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A microtubule-binding domain in dynactin increases dynein processivity by skating along microtubules


Microtubule-associated proteins (MAPs) use particular microtubule-binding domains that allow them to interact with microtubules in a manner specific to their individual cellular functions. Here, we have identified a highly basic microtubule-binding domain in the p150 subunit of dynactin that is only present in the dynactin members of the CAP–Gly family of proteins. Using single-particle microtubule-binding assays, we found that the basic domain of dynactin moves progressively along microtubules in the absence of molecular motors — a process we term 'skating'. In contrast, the previously described CAP–Gly domain of dynactin remains firmly attached to a single point on microtubules. Further analyses showed that microtubule skating is a form of one-dimensional diffusion along the microtubule. To determine the cellular function of the skating phenomenon, dynein and the dynactin microtubule-binding domains were examined in single-molecule motility assays. We found that the basic domain increased dynein processivity fourfold whereas the CAP–Gly domain inhibited dynein motility. Our data show that the ability of the basic domain of dynactin to skate along microtubules is used by dynein to maintain longer interactions for each encounter with microtubules.

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Figure 1: Dynactin contains two microtubule-binding domains.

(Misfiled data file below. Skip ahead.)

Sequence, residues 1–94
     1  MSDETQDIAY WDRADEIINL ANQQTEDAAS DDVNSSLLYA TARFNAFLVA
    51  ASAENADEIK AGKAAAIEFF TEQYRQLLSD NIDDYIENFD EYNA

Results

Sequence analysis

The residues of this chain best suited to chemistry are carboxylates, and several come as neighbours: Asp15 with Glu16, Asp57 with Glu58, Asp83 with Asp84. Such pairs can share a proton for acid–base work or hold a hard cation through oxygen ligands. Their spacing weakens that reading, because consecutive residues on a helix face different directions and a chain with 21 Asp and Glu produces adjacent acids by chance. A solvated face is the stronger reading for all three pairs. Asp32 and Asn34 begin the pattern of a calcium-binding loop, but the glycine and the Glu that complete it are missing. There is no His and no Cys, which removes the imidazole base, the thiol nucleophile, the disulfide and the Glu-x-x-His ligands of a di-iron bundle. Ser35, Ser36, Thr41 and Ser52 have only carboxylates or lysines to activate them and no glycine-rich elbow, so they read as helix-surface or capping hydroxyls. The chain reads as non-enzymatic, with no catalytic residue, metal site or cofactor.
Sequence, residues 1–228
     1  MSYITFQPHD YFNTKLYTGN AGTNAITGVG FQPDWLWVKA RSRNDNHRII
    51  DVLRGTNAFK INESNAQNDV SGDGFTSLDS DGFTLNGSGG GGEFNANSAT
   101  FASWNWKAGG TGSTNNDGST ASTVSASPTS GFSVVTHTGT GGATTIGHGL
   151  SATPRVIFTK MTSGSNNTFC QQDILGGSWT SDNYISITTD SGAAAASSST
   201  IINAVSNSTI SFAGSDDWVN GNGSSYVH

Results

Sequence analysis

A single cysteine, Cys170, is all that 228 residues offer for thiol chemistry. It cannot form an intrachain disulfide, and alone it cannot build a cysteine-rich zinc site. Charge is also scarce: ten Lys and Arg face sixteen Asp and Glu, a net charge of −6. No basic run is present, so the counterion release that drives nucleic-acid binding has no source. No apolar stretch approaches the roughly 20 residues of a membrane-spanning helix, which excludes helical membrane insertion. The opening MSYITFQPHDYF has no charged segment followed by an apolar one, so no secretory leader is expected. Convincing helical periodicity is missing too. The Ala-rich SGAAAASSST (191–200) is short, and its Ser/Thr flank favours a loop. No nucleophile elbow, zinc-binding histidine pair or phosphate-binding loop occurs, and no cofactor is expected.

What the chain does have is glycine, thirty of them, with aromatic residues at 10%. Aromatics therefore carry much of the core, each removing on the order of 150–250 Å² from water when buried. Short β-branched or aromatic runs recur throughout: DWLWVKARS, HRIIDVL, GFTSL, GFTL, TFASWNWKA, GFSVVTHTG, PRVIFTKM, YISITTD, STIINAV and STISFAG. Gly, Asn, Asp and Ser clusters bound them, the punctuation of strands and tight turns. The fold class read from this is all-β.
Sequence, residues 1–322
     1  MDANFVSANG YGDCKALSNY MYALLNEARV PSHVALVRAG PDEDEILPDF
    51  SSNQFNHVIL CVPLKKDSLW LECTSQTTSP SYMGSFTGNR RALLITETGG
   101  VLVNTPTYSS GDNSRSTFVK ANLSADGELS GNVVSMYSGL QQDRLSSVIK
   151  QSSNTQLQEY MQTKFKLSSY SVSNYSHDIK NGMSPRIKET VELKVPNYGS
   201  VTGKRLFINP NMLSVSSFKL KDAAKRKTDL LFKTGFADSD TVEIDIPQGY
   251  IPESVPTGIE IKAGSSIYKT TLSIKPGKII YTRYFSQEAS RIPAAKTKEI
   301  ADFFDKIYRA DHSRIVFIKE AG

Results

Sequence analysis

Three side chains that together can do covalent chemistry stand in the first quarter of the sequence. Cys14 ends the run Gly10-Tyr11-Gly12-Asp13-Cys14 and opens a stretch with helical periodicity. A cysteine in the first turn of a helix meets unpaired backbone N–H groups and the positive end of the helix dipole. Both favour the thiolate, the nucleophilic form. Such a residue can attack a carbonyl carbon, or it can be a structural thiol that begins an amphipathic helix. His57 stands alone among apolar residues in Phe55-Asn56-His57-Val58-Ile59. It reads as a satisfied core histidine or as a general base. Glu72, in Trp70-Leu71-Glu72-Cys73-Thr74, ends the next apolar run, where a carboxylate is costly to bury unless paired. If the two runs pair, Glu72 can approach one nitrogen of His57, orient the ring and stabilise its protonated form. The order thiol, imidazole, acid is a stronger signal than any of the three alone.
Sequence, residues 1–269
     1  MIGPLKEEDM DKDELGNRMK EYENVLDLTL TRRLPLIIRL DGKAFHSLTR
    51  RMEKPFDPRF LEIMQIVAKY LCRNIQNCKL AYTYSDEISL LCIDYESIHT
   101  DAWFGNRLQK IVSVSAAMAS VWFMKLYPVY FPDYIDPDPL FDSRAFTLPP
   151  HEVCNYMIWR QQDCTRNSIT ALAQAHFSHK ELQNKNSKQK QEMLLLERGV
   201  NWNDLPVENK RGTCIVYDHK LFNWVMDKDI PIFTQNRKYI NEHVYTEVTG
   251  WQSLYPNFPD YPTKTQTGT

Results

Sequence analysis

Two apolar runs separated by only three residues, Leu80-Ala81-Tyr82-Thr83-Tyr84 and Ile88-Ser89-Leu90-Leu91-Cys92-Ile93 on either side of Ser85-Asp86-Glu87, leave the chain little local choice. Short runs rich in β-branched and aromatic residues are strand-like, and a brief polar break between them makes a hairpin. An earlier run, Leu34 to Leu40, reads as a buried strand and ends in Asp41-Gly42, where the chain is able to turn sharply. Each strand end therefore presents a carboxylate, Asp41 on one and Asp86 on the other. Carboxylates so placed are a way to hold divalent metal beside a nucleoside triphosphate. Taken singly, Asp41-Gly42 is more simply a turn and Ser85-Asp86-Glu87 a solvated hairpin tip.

Figure 2: Single-particle behaviour of protein-coated beads.
Figure 3: Quantitative analyses of microtubule interactions.


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We thank G. J. Wyckoff for initial sequence alignments, R. Mallik and S. Gross for the MSD program and helpful discussions, H. Goodson for the CLIP-170 H1 polypeptides, H. Paudel for the full-length tau construct, and L. Ehler for critical reading of the manuscript. This work was supported by a National Institutes of Health (NIH) award NS48501 (S.J.K.) and in part by a University of Missouri-Kansas City SEARCH Undergraduate Research award (T.L.C.).

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Correspondence to Stephen J. King.

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Culver–Hanlon, T., Lex, S., Stephens, A. et al. A microtubule-binding domain in dynactin increases dynein processivity by skating along microtubules. Nat Cell Biol 8, 264–270 (2006).

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